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Trey Burke May Have Hit The Equalizer, But It Was Mitch McGary Who Played The Game Of His Life

Florida Gulf Coast stopped scoring at the wrong time, while Louisville and Duke won by maintaining solid, boring leads, so the chatter last night naturally turned to Trey Burke's remarkable game-tying shot against Kansas. Michigan clawed back from a 14 point deficit in seven minutes, Burke scored all of his 23 points in the second half, and the shot that sent the game to overtime was a perfect March Madness mix of courage and desperation. The cover of ESPN's NCAA page reads "Trey's Time," and the Associated Press recap leads with, "Trey Burke never doubted he could lead Michigan to its deepest NCAA tournament run since the Fab Five era." Fair enough, but it probably shouldn't take that recap 15 more paragraphs to mention Mitch McGary, who more than quadrupled some of his season averages last night, and led the Wolverines in points, rebounds, steals and blocks.


When the tournament's breakout teams run up against insurmountable talent gaps in the later rounds, we're left with the players having breakout tournaments for a dose of pleasant surprise and vicarious living. Burke is an established entity—a Wooden award finalist this year and an All-American last year—but you're either a Big 10 obsessive or a liar if you claim to have known much about Mitch McGary two weeks ago. If you picked him as the player most likely to swing the tournament in his team's favor, you're Mitch McGary's mom.

McGary's per game average rose by almost a point after last night's 25 and 14 performance, to 7.3. He's averaging 6.1 rebounds on the year, even after a three-game stretch in which he's grabbed 37. A freshman, McGary spent much of the season coming off the bench, and while he wasn't exactly unheralded coming out of high school—at one point he was considered the second best prospect in the nation before coming down to earth in his senior year of high school—his first season at Michigan had been coming along fitfully until the tournament began. In 33 regular season games (four starts), he averaged 6.2 points and 5.5 rebounds. In the tournament, he's averaging nearly 20 points per game, and over 12 rebounds. His contributions may not have been the key factor in the Wolverines' blowout wins against San Diego South Dakota State and VCU, but he certainly made the difference last night, when he was the team's only steady presence, successfully adjusted to and ultimately neutralized Jeff Withey, and hit consecutive jumpers in overtime. He's big, skilled, and likes contact; a lefty shooting big man that, as of March 23, gobbles rebounds and doesn't miss.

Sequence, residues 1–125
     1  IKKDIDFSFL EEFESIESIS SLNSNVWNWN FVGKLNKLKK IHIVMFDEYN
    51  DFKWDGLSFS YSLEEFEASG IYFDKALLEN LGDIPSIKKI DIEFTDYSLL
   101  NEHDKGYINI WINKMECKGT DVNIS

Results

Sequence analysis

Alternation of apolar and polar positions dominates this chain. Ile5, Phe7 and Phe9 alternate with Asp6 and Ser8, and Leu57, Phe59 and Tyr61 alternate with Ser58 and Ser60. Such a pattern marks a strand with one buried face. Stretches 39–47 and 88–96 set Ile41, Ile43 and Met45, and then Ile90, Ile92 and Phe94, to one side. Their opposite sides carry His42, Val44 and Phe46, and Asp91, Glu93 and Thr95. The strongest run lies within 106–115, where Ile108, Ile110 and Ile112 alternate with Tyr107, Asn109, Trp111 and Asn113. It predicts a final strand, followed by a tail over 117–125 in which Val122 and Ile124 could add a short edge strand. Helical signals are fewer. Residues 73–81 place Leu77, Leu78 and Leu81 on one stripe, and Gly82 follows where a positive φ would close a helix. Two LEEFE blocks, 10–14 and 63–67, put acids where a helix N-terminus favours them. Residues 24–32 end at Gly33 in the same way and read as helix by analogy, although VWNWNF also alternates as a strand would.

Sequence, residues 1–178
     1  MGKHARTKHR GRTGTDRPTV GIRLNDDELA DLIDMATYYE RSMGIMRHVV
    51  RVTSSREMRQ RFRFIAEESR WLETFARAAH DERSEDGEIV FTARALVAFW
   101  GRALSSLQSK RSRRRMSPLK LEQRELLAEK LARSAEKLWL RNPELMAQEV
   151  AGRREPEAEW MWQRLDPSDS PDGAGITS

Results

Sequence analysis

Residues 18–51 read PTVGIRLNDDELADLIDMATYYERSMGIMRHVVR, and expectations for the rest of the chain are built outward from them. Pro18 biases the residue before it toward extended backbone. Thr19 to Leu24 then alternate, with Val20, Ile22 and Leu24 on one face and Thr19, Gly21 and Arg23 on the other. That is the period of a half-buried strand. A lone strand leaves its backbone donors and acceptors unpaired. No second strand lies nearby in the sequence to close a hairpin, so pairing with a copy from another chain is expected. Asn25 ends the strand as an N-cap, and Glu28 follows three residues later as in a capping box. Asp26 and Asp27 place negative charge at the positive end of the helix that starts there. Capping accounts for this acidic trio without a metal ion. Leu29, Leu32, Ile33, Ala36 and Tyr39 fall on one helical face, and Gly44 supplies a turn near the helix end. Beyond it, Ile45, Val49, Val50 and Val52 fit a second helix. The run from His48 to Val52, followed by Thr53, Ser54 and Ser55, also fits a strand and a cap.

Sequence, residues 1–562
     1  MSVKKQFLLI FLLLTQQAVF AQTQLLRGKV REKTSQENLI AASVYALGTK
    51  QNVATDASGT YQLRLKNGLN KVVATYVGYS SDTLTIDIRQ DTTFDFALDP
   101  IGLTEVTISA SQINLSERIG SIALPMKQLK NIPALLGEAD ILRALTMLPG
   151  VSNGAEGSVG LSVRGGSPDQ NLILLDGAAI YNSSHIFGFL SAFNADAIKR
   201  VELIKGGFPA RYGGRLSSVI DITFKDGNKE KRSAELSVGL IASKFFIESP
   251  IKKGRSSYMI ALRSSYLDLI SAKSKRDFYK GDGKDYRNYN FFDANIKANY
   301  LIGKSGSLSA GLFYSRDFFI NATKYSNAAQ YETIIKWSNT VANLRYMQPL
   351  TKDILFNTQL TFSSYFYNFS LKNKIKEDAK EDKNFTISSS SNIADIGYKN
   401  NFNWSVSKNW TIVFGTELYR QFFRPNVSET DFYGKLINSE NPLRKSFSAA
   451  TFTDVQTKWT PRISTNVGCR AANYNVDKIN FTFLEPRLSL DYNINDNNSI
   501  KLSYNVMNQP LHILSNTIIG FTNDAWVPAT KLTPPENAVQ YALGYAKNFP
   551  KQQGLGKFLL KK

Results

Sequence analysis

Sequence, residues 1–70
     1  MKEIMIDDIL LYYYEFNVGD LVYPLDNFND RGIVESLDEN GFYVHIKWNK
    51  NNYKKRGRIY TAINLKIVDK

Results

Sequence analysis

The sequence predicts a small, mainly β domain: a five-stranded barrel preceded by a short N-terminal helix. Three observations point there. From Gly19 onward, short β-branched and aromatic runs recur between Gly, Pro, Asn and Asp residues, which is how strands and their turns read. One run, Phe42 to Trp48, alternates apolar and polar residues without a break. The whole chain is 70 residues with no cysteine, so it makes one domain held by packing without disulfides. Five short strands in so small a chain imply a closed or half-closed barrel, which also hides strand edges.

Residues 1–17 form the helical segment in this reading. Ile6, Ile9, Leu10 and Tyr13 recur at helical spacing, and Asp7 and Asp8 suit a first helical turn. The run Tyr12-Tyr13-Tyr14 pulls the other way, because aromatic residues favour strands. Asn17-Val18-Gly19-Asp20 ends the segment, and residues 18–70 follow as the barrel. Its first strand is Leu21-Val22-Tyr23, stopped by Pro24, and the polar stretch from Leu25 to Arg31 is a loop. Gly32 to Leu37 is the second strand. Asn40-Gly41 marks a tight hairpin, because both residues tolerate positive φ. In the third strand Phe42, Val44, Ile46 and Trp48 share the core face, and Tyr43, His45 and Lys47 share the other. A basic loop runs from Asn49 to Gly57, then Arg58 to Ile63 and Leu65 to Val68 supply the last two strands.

If Michigan suddenly looks like a reasonable pick for the national championship game, it's because Michigan suddenly has the interior presence long thought necessary for a real run. It was on the bench the whole time, and McGary's insertion into the line-up has been so seamless and effective, one almost wonders whether John Beilein wasn't simply waiting for the right time to unleash him. You might expect most of the action to happen on the perimeter when Michigan plays Florida for a shot at the Final Four on Sunday afternoon, but keep an eye trained on the middle. McGary will have to contend with Erik Murphy and Patric Young, Florida's experienced and sometimes fearsome big men. He'll be looking to secure a better One Shining Moment entry than this.

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